Aboriginal artists' works recognized for art award

From CBC.ca

Three aboriginal artists on Sobey Art Award longlist

Ursula Johnson, Peter Morin and Nadia Myre among 25 nominees for $50,000 prize

By Connie Walker - Posted: Apr 15, 2014

Peter Morin is one of three aboriginal artists up for the prestigious Sobey Art Award. West Cost and Yukon nominee: Becoming Andy Kaufman in the Museum, stand-up comedy for Totem Poles, by Peter Morin.

Peter Morin is one of three aboriginal artists up for the prestigious Sobey Art Award. West Cost and Yukon nominee: Becoming Andy Kaufman in the Museum, stand-up comedy for Totem Poles, by Peter Morin. (Dallas Duobaitis)

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Three aboriginal artists were among 25 chosen for the longlist for the 2014 Sobey Art Award. The Sobey award is one of the most prestigious and lucrative in Canada. The winner of the award will recieve $50,000 and four prizes of $12,000 will go to four runners-up.

The Sobey Art Award showcases the work of visual artists under the age of 40, who have recently exhibited. 

Peter Morin is one of the nominees from the West Coast/Yukon region. The Tahltan Nation artist, curator and writer is originally from B.C. but is now based in Manitoba. 

His artist's bio states: "In both his artistic practice as well as his curatorial work, Morin's practice-based research investigates the impact between indigenous cultural-based practices and western settler colonialism."

 

Nadia Myre (b. 1974) is a visual artist from Quebec and an Algonquin member of the Kitigan Zibi Anis

This piece called Meditations on Red was done by Anishnabe artist Nadia Myre from Quebec. (Nadia Myre)

 

Nadia Myre isKitigan ZibiAnishnabeg and visual artist based in Quebec. 

In an interview with CBC Montreal, Myre said, "I would describe myself as a visual activist. A lot of the work that I'm making has a political base, and as a conceptual artist, I'm trying to say something."

Her artist bio says: "For over a decade, her multi-disciplinary practice has been inspired by participant involvement as well as recurring themes of identity, language, longing and loss."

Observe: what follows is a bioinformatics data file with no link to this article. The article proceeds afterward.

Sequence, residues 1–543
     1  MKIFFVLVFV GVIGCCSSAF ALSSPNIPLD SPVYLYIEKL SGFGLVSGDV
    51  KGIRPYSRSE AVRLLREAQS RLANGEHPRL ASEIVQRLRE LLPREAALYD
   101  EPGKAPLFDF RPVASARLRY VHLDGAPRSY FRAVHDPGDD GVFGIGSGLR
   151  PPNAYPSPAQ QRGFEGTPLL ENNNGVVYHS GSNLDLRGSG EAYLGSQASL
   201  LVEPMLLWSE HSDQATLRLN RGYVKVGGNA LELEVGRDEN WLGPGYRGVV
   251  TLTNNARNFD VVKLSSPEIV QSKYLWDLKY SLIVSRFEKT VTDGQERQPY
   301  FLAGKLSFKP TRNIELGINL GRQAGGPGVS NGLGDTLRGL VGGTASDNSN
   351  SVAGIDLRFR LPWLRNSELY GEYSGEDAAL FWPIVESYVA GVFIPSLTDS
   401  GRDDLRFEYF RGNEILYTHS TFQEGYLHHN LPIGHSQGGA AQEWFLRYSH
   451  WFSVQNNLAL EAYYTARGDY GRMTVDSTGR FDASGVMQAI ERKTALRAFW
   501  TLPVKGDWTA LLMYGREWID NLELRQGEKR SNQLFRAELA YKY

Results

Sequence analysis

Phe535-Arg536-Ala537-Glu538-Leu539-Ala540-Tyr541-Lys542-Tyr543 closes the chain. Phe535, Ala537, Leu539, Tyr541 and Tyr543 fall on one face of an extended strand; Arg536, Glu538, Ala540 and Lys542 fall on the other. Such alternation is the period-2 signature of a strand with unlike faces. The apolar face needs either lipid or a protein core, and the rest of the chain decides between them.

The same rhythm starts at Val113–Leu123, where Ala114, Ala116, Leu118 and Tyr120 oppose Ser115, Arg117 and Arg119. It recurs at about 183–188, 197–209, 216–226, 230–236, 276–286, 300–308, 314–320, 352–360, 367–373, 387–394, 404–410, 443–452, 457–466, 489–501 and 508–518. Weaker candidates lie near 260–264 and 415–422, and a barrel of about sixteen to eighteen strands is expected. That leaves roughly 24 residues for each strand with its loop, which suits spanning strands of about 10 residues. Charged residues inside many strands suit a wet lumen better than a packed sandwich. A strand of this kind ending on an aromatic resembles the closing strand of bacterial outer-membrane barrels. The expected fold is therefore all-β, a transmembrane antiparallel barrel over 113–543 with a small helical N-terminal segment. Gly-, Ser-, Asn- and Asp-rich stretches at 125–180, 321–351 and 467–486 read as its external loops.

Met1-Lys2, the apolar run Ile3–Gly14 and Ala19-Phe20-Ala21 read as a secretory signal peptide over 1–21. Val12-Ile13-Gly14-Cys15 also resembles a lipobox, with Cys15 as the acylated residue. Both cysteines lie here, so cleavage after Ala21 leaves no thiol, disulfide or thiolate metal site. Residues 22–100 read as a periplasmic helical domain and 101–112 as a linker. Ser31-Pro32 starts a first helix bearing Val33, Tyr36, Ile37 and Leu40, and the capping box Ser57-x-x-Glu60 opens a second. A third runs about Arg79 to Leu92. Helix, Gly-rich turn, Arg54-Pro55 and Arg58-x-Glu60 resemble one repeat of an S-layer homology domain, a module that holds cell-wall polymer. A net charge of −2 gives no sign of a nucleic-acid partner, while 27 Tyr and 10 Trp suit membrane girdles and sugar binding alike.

Ursula Johnson art

Ursula Johnson utilizes the craft of traditional Mi'kmaw Ash Splint basketry in her contemporary work. Awije'jk, by Ursula Johnson. Black Ash and Sweetgrass Weaving. (Wendy McElmon)

 

Ursula Johnson is an interdisciplinary artist from Nova Scotia with Mi'kmaq ancestry.

Her bio states: "Johnson's art incorporates the traditional Aboriginal art form of basketry expressed through a variety of mediums, including, performance, installation, and sculpture."

"Ursula is the creator of the 21st Century O'pltek Basket, a subtly non-functional form that utilizes traditional techniques and methods of traditional Mi'kmaw Ash Splint basketry."

Last year, Duane Linklater won the annual $50,000 prize. DuaneLinklater is Omask√™ko Cree, from Moose Cree First Nation in Northern Ontario. His thought-provoking work explores First Nations identity in the context of contemporary society.

The shortlist will be announced on June 4, and the winner will be announced at a gala event on November 19. 

See all of the 2014 nominees:

  • Ontario nominee: use hold strike: proposed sounds for collective grieving, by Reena Katz.
  • Ontario nominee: use hold strike: proposed sounds for collective grieving, by Reena Katz. (Michelle Hyun)

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Connie Walker - CBC Reporter - Connie Walker is the lead reporter at CBC Aboriginal and was previously a producer on the "8th Fire" series. She is Cree from the Okanese First Nation in Saskatchewan. Follow her on twitter @connie_walker